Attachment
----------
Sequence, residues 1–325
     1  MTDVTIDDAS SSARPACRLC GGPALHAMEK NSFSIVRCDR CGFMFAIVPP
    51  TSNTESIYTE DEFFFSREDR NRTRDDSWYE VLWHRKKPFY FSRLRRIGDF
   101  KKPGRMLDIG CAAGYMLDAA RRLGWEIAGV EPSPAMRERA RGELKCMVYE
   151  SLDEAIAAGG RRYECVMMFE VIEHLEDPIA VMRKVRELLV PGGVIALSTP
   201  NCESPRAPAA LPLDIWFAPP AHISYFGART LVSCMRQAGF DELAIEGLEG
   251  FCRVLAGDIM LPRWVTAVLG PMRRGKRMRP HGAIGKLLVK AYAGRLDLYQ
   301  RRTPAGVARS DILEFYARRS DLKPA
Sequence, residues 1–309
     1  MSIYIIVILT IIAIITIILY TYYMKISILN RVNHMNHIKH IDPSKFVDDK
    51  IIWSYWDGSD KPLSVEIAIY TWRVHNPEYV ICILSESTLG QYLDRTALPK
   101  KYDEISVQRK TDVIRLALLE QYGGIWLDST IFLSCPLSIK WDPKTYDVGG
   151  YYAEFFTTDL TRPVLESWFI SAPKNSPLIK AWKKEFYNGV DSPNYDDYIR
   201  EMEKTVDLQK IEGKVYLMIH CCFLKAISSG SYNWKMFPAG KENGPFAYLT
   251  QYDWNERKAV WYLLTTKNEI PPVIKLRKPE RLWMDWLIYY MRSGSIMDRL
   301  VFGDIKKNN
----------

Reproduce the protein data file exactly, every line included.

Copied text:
Sequence, residues 1–325
     1  MTDVTIDDAS SSARPACRLC GGPALHAMEK NSFSIVRCDR CGFMFAIVPP
    51  TSNTESIYTE DEFFFSREDR NRTRDDSWYE VLWHRKKPFY FSRLRRIGDF
   101  KKPGRMLDIG CAAGYMLDAA RRLGWEIAGV EPSPAMRERA RGELKCMVYE
   151  SLDEAIAAGG RRYECVMMFE VIEHLEDPIA VMRKVRELLV PGGVIALSTP
   201  NCESPRAPAA LPLDIWFAPP AHISYFGART LVSCMRQAGF DELAIEGLEG
   251  FCRVLAGDIM LPRWVTAVLG PMRRGKRMRP HGAIGKLLVK AYAGRLDLYQ
   301  RRTPAGVARS DILEFYARRS DLKPA
Sequence, residues 1–309
     1  MSIYIIVILT IIAIITIILY TYYMKISILN RVNHMNHIKH IDPSKFVDDK
    51  IIWSYWDGSD KPLSVEIAIY TWRVHNPEYV ICILSESTLG QYLDRTALPK
   101  KYDEISVQRK TDVIRLALLE QYGGIWLDST IFLSCPLSIK WDPKTYDVGG
   151  YYAEFFTTDL TRPVLESWFI SAPKNSPLIK AWKKEFYNGV DSPNYDDYIR
   201  EMEKTVDLQK IEGKVYLMIH CCFLKAISSG SYNWKMFPAG KENGPFAYLT
   251  QYDWNERKAV WYLLTTKNEI PPVIKLRKPE RLWMDWLIYY MRSGSIMDRL
   301  VFGDIKKNN